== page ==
Using 12,500-year-old ancient tools like conical mortars carved into bedrock, an international team of researchers has recreated a pre-historic mouth-watering bread that our ancestors savored over 12,500 years ago.
The barley-processing "facilities" found at Huzuq Musa in Israel's Jordan Valley indicate that stone-utensil-produced flour could have been a significant part of the local Natufian people's diet.
Curious, a group of intrepid Israeli researchers went back to the dawn of the Stone Age to make lunch for themselves.
The researchers reconstructed how their ancestors processed wild barley to produce groat meals and "proto-pita" -- small loaves of coal-baked, unleavened bread.
The results was a yummy, pre-historic cuisine. Huzuq Musa is estimated to have had a population of about a hundred people.
"The four large threshing floors discovered near the site - and its accompanying tools - could have produced a sufficient quantity of processed barley for its estimated inhabitants," said professor Mordechai Kislev, expert in archaeo-botony from Bar-Ilan University in Israel.
The findings show that wild-grain-based nutrition emerged some 2,000 to 3,000 years before our hunter-gatherer forefathers established the sedentary farming communities which were the hallmark of the "Neolithic Revolution".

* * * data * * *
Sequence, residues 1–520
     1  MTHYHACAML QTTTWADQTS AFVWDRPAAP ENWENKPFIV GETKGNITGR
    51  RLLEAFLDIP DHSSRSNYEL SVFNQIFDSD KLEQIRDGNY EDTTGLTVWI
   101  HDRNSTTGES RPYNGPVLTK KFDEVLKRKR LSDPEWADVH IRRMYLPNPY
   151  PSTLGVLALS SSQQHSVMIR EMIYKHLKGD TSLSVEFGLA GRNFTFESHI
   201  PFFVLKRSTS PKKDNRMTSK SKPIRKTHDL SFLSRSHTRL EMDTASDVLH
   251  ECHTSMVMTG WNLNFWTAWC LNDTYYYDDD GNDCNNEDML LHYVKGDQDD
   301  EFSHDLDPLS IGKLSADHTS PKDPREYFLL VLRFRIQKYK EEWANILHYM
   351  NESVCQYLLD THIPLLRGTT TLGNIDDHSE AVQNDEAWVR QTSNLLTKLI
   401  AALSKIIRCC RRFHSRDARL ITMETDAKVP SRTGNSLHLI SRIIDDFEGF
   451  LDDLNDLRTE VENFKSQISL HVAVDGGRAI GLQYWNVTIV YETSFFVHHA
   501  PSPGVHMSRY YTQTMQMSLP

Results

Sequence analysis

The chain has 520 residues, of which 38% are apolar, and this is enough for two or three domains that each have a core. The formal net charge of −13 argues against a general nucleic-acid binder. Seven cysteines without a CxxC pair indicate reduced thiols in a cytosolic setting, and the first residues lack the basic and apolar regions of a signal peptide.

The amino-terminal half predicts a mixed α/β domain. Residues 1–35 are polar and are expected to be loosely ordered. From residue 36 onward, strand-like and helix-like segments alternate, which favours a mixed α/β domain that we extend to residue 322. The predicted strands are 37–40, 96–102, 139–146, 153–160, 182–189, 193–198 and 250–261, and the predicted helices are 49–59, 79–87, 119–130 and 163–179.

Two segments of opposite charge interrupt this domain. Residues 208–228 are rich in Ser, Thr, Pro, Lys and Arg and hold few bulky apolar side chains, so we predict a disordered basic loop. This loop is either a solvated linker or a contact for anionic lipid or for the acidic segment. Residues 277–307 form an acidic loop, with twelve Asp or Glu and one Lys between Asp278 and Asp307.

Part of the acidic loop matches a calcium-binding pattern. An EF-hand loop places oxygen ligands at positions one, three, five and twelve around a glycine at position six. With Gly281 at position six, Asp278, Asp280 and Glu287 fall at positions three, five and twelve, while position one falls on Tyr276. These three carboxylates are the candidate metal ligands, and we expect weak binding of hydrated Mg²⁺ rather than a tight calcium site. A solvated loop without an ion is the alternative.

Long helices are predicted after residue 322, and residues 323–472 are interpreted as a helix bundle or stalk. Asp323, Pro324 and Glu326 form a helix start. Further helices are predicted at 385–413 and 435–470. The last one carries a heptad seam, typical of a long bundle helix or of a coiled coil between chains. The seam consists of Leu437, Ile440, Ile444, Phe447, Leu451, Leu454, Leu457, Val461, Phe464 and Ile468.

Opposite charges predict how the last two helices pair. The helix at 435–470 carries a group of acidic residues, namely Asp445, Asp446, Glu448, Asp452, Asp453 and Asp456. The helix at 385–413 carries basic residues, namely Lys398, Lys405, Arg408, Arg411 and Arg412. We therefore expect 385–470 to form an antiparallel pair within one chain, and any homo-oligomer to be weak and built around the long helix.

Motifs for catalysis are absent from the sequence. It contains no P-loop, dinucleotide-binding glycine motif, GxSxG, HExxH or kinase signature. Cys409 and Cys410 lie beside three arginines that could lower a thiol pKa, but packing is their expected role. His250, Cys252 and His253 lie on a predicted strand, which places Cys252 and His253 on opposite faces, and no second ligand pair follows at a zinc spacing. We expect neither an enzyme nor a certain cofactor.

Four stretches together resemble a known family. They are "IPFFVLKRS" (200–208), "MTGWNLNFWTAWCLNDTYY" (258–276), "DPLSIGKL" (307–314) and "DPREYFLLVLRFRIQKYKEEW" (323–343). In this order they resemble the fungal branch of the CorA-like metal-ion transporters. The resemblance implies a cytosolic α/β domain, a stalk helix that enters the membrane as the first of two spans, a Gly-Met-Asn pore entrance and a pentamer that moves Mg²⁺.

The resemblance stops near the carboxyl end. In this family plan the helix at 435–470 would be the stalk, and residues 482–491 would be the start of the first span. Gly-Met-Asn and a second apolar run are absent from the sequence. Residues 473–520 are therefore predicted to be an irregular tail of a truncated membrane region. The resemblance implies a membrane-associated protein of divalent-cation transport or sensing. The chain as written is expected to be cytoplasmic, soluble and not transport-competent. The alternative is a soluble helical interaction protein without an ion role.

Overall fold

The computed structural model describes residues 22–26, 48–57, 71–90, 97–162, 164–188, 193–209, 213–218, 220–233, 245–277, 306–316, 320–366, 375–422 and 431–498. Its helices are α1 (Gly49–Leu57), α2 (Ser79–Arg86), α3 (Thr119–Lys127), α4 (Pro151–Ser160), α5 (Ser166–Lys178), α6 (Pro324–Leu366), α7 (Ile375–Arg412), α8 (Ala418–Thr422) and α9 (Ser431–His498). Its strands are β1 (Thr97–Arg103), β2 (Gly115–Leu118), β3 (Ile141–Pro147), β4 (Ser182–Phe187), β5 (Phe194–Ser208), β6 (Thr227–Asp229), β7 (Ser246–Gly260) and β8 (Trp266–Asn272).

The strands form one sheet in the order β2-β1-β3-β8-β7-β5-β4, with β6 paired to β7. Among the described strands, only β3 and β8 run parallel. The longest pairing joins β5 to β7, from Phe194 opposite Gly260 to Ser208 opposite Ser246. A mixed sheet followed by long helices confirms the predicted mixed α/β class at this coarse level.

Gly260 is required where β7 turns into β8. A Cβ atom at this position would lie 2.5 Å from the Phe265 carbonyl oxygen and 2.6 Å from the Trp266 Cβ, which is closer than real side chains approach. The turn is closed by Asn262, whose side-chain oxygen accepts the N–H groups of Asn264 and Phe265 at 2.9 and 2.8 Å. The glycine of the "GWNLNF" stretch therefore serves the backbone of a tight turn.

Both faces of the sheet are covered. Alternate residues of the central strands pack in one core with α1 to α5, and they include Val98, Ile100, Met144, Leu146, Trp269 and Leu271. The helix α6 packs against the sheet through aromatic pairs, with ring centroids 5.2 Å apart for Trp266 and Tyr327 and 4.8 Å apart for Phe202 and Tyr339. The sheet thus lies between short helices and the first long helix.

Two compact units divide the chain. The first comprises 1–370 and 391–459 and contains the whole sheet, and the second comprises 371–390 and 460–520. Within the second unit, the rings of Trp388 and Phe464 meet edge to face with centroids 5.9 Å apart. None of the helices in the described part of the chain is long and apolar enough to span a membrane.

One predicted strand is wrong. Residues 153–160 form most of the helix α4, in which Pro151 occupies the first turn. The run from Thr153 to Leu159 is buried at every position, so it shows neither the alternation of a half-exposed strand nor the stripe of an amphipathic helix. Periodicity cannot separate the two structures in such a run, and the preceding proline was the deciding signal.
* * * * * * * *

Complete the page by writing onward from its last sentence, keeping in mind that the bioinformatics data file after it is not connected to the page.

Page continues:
"This Natufian advance was a bridge to the Neolithic revolution, when sedentary farmers developed the discipline needed to plan for the successful planting - and reaping - of domesticated grains," the authors commented.
The fresh experiment began by collecting spikelets - the coated grains of a cereal ear - from wild barley.
After ripening on the ground to prevent them from scattering in the wind, the grains were then separated from the stalks.
After de-husking, the grain was scooped out of the conical mortar by hand then placed into a small cup cut in the adjacent bedrock.
From there, it was transferred for filtering in a small-gauge sieve.
"This was a kind of labour-saving device, making it easier to transfer the grain and waste material to a sieve or other vessel," added archaeologist Dr David Eitam.
The discovery of this sophisticated agro-technological system indicates that Natufian society made the shift from hunting-gathering to an agriculture-based economy, which was possibly extant 3,000 years before the domestication of cereal, he informed.
The research team had independent researchers as well as faculty members from Bar-Ilan and Harvard Universities.
The findings were published in the journal Plos One